Putin is back: Reports of fraud dominate Russian election

Tears roll down Putin's cheeks as he addresses crowds last night in Moscow.
Tears roll down Putin's cheeks as he addresses crowds last night in Moscow.

By Ian Dunt

The Foreign Office is pointedly waiting for reports from election monitors in Russia before commenting on Vladimir Putin's victory in the presidential elections.

Exit polls gave the former president, who is allowed to run a third time after sitting out one term as prime minister, 60% of the vote.

"We fully support the importance of democratic elections in Russia, as elsewhere in the world," a Foreign Office spokesperson said.

"As a Council of Europe member state, Russia has an obligation to uphold key democratic norms and standards."

The government is waiting for the preliminary report from election observers "with interest", the spokesperson added.

Shadow foreign secretary Douglas Alexander said: "Given the allegations that have already emerged of undemocratic practises, there are real questions to be answered about the election results in Russia. 

"The Russian authorities should be in no doubt that the world will be watching their actions closely in the coming hours and days."

Downing Street said it was concerned about the way the election had been conducted but admitted the result was decisive.

"We have a constructive relationship with Russia. We want that continue. That relationship allows us to advance our national interest," the prime minister's spokesman said.

"Clearly there are issues where we do not agree. We made that clear when we visited Russia. But that should not prevent us working together on those issues where there is a common interest."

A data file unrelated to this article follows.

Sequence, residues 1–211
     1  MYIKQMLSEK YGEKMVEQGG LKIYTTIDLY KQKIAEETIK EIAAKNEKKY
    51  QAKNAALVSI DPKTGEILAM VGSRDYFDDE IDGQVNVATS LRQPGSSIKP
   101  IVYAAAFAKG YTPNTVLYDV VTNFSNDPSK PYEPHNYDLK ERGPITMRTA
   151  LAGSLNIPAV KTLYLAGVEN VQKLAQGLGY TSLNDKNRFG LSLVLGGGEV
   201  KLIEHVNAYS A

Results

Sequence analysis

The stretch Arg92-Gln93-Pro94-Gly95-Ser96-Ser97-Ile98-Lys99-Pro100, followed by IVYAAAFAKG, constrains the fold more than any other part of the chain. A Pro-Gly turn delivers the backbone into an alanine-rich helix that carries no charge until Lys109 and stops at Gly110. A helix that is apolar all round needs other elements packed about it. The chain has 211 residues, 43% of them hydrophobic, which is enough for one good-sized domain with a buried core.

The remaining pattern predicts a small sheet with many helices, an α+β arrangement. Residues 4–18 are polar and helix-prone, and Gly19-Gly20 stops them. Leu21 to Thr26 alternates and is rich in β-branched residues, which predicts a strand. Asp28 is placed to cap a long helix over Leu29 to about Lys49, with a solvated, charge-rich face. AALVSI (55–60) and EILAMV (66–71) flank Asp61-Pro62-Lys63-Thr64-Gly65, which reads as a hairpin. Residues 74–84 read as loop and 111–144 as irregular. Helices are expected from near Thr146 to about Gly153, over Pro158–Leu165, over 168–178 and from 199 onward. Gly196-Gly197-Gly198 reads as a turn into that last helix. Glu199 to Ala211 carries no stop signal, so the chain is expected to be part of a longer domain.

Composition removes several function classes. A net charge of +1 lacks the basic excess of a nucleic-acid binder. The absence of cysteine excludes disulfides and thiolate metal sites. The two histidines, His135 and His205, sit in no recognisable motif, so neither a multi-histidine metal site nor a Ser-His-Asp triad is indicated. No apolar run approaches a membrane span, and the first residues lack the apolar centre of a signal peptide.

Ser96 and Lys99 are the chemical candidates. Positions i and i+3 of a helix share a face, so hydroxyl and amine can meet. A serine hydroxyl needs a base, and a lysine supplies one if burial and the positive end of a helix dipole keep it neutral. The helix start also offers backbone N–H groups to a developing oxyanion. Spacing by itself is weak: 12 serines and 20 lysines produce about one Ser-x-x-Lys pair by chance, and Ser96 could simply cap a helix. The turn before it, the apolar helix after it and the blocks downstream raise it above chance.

Mr Putin could be seen with tears rolling down his cheeks last night, as he addressed a rally of supporters in central Moscow last night.

"I promised you we would win, and we won," he said.

"We have won in an open and honest battle. We proved that no-one can force anything on us.

"Glory to Russia."

Some reports suggested some parts of the crowd had been forced to appear.

Today will see protesters take to the streets to voice their distrust of the result, surrounded by up to 12,000 police and troops, who are expected to form a ring of steel around the capital.

Mr Putin's usual confident style will have to take some account of the newfound protest movement springing up against his rule, which includes many members of the middle classes in St Petersburg and Moscow.

The disparate opposition movement will hold a demonstration in Pushkin Square, central Moscow, this evening.

While electoral fraud reports are mostly unconfirmed, activists wasted no time uploading videos and reports of vote-rigging on to the internet yesterday.

Golos, Russia's main election watchdog, said it had received numerous reports of 'carousel voting', where groups of people are taken to several different polling stations. The ploy has been reported before, during a parliamentary poll in December.

Over 150 observers are also reported to have been illegally removed from polling stations by police.

With preliminary reports showing Mr Putin on 64%, he easily outperformed his chief rival, Gennady Zyuganov, who scored 17% and quickly took to the news stations to brand the result "unfair and unworthy".

While Mr Putin would almost certainly have won even under a fair vote, he avoided a second round by scoring above 50%.


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